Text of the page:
Plans change, and preparation isn’t always enough to ensure a good result.
My wife and I had scheduled a trip to Ottawa in our Mooney 231 to begin on Saturday with a return on Sunday. Our departure point was KHPN, Westchester County airport, a short distance from New York City. Our destination was an airport just outside of Ottawa, CYND, Gatineau, where general aviation is welcomed. We would spend time with my youngest daughter who had just taken a professorial position at the University of Ottawa.
Never having landed at this airport previously I made a call to ascertain whether we would be able to park and obtain gas for the return trip. I was told that the only problem would be an airshow that was scheduled to begin on Saturday at 11 am, and I was advised to call the “air boss” for advice about an arrival on Saturday. Having been warned, I made that call and was told that an arrival before 10 am would be OK.
I had previously applied to CANPASS in order to expedite the process, and having filed out the necessary papers and paid the necessary fee, I was rewarded several weeks later with a CANPASS identification number and was instructed to report my arrival by phone.
In days gone by, before 9/11, our trips to Canada did not require this extra step. Times change.
Now it was necessary to work the departure details through eAPIS and also to put on record the US arrival details. This was my first attempt to negotiate the eAPIS formalities, but I had taken the first step (establishing an account with eAPIS) some months ago.
On Thursday night, I learned that an important family dinner scheduled for Friday night was canceled; we decided to move the trip up a day to Friday as this would allow us more time for the visit to Ottawa.
The weather forecast called for some light to moderate precipitation en route and an overcast deck on arrival in the Ottawa area.
I have been a WingX Pro user, and unlike the situation with ForeFlight, Canadian charts are not part of the package. I went to FltPlan.com for the approach charts and with the necessary US low altitude enroute charts in my flight bag as back up I was covered for navigating the airspace. But as an afterthought I also printed out approach charts for CYOW, the main airport for Ottawa. A further step had been the purchase of a Canada Flight Supplement, a thick guide to Canada’s airports and airspace.
I had decided I would avoid CYOW if at all possible because of excessive fees designed to discourage all but heavy iron.
Since the airshow at CYND, Gatineau, was not scheduled to begin until 11 am on Saturday, the only problem with a Friday arrival would be easily managed IFR weather…and so we departed around noontime having filled out the details of our departure from KHPN and our arrival at CYND with eAPIS. Using FltPlan.com, it was a simple matter to work out an acceptable routing and to estimate the time of border crossing, a requirement for international flights.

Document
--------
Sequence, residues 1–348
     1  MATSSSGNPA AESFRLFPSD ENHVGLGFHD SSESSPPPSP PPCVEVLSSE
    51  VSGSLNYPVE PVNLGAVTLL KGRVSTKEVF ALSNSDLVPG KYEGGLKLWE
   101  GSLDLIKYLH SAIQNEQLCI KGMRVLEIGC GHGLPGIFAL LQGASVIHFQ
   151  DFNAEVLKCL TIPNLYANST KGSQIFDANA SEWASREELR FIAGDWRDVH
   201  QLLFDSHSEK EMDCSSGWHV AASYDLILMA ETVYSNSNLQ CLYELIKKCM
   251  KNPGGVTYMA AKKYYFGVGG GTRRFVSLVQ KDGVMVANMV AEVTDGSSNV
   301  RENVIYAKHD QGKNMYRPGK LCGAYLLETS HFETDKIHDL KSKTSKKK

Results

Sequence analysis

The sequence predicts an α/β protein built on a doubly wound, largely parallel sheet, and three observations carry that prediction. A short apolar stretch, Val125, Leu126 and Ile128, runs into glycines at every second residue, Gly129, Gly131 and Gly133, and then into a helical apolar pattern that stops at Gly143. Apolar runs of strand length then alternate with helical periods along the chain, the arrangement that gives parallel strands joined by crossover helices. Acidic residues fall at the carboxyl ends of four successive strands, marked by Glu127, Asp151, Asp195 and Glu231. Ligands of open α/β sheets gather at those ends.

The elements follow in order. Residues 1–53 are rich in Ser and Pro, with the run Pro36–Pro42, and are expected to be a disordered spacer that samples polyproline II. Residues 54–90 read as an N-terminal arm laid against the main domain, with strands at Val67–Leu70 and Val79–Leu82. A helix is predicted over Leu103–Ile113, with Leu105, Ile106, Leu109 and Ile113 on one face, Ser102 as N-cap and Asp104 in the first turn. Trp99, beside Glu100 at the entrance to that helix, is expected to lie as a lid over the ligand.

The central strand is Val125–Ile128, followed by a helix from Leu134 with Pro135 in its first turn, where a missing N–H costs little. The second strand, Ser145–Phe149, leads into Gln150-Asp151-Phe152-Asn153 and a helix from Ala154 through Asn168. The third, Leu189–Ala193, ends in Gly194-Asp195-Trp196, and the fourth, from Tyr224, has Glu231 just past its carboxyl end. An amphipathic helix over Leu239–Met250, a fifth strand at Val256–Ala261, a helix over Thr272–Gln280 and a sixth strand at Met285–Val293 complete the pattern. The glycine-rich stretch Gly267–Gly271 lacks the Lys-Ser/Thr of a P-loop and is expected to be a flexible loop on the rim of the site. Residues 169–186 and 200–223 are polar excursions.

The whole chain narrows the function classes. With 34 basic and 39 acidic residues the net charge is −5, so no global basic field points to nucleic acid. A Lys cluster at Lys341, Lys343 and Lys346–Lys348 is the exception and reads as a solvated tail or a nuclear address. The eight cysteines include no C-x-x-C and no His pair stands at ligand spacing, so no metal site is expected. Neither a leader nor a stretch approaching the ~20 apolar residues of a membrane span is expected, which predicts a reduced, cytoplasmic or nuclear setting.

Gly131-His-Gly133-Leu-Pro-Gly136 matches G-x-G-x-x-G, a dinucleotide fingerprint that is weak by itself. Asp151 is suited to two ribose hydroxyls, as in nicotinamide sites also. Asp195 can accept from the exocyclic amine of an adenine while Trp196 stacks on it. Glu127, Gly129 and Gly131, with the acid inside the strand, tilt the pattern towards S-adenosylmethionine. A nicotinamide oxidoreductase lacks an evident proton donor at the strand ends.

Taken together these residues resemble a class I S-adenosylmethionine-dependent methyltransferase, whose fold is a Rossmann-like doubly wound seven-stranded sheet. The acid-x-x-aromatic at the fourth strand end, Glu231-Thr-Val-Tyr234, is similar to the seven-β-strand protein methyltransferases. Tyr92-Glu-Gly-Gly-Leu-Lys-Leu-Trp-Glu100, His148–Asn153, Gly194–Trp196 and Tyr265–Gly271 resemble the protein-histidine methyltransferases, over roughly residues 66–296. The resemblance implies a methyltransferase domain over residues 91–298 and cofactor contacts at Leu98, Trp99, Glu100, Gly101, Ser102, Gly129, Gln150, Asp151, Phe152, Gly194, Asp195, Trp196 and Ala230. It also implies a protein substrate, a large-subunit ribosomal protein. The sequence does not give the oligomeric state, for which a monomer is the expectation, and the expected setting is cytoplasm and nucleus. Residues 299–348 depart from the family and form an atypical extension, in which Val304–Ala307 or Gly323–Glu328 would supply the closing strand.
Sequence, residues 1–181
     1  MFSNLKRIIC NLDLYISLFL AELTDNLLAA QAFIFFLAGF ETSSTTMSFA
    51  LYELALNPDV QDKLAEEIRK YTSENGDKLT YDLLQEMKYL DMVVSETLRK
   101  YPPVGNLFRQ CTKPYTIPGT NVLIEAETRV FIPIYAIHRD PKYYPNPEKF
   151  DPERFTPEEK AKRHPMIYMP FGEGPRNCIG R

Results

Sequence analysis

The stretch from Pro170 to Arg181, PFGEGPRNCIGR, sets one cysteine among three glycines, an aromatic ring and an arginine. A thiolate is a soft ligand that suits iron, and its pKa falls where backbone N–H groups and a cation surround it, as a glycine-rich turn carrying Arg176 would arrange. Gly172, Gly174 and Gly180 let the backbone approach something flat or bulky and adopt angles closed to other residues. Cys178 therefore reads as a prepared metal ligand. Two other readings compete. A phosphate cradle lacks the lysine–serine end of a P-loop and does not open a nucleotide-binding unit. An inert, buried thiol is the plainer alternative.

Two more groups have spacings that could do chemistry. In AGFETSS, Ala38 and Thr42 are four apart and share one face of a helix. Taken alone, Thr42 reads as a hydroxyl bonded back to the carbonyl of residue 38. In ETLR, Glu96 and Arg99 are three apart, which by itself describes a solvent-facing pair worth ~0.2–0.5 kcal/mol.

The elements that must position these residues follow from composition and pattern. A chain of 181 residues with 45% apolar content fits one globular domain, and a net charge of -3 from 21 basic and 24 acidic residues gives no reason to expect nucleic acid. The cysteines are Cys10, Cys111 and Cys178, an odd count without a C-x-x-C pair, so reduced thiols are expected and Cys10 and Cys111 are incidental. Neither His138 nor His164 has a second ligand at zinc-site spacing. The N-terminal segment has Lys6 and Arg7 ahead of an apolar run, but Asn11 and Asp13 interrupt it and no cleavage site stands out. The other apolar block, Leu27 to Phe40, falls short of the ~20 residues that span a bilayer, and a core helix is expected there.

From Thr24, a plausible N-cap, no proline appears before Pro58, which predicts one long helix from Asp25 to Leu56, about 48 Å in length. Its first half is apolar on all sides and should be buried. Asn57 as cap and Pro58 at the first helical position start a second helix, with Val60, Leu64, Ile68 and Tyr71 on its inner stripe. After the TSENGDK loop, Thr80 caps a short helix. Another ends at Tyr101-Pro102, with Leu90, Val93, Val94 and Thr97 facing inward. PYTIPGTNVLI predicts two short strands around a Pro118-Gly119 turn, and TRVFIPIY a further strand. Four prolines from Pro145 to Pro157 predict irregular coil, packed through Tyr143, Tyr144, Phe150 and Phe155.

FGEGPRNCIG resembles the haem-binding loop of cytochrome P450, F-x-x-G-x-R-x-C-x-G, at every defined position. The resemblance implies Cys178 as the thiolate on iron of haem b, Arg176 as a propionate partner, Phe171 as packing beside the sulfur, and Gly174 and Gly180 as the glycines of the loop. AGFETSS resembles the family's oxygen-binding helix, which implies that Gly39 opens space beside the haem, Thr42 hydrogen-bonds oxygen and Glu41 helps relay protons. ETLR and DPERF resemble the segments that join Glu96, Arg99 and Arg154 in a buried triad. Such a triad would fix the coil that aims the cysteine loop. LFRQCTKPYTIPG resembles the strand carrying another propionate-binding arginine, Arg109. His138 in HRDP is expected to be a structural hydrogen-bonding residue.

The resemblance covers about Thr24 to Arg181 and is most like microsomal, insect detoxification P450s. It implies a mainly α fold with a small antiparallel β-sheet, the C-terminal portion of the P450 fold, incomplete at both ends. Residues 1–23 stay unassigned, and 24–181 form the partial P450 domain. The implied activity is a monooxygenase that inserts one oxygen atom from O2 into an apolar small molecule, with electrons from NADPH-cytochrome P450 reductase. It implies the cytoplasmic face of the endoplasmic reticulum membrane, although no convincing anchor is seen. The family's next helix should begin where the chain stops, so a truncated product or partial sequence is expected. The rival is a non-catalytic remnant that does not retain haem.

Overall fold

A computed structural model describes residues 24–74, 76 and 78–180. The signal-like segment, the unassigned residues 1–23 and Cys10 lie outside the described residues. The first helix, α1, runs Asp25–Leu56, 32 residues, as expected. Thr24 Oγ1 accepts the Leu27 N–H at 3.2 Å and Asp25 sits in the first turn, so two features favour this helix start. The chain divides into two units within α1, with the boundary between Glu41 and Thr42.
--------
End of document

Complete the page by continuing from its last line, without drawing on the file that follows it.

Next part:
A car was scheduled to be delivered to the airport with Hertz.
Having negotiated some light precipitation en route and managing to stay at an altitude below the freezing level, we crossed the border and were handed off to Canadian ATC.
Shortly thereafter ATC contacted us to advise us of a Notam regarding the closure of CYND for the next day’s airshow. That’s the first part of the Trip Up. I replied that the “air boss” had given us permission, naming that person. ATC replied that they would get back to me. While awaiting the news, we heard another plane being given permission to land at CYND. When ATC got back to us, they informed us that we were denied permission.
”What are your intentions?” No use arguing, I thought, as I now had no way to contact the “air boss” for clarification.
My alternate was the main airport, CYOW, even with the excessive fees and the lack of previously arranged transportation, and the requirement to inform CANPASS on arrival at CYND.
It was necessary to set up my Garmin 530w for a new destination. It had already been programmed for the approach at CYND. I fumbled this one by attempting to delete the whole flight plan and inserting a new one on the first page. It would have worked if I merely added the new destination along with the approach or alternatively had programmed the second page of the Garmin’s flight plan for an arrival and approach at CYOW. Since my autopilot took directions from the Garmin I pulled out the approach chart to RWY 32 and hand flew the approach using my old King RNAV unit.
I had met Mr. Murphy again: if things can go wrong, etc.
Well, we got down, and were directed to one of the two FBOs on the field. Overnight on the ramp was $75 with more charges to follow. Getting through to CANPASS on the phone took quite a few minutes, but they were not concerned about our new arrival point and did not think it was necessary to inspect our plane. We requested a top-off of fuel. (On Sunday we saw that this had not taken place). Check and double-check, this was not a new lesson. Hertz was able to cancel one car and schedule another.
The time in Ottawa was spent well. My daughter was well set up in her new apartment and had begun her new job. Ottawa is a beautiful city with delightful parks and many fine attractions.
Revising the new flight plan for return to White Plains, Westchester Airport was handled on my iPad easily, having learned all the mistakes that could be made previously.
The trip back took only about two hours. Compare that with a drive that takes between seven and eight hours.
Customs clearance at KHPN used to be available on Sundays with prior arrangement at the old Avitat FBO. Jet Systems now housed Customs and Border Protection at the same building, and they seemed quite busy with multiple arrivals and three agents.
Having got that one under my belt I think the next trip will be easy…maybe.
Postscript: I made the trip again recently with no problems. Canadian ATC worked with me and the folks at CYND were very friendly and helpful.